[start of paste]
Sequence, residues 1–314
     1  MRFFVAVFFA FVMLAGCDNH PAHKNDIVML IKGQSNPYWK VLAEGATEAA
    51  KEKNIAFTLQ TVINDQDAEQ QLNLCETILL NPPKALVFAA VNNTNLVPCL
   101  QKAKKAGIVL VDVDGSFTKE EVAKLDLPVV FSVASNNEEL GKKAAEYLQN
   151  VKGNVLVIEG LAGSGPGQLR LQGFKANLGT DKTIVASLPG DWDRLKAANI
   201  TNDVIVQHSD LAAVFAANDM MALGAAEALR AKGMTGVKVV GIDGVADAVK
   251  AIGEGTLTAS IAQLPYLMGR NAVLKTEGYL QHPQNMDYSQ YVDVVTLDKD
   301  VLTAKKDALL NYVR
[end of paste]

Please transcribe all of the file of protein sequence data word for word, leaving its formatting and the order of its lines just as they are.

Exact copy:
Sequence, residues 1–314
     1  MRFFVAVFFA FVMLAGCDNH PAHKNDIVML IKGQSNPYWK VLAEGATEAA
    51  KEKNIAFTLQ TVINDQDAEQ QLNLCETILL NPPKALVFAA VNNTNLVPCL
   101  QKAKKAGIVL VDVDGSFTKE EVAKLDLPVV FSVASNNEEL GKKAAEYLQN
   151  VKGNVLVIEG LAGSGPGQLR LQGFKANLGT DKTIVASLPG DWDRLKAANI
   201  TNDVIVQHSD LAAVFAANDM MALGAAEALR AKGMTGVKVV GIDGVADAVK
   251  AIGEGTLTAS IAQLPYLMGR NAVLKTEGYL QHPQNMDYSQ YVDVVTLDKD
   301  VLTAKKDALL NYVR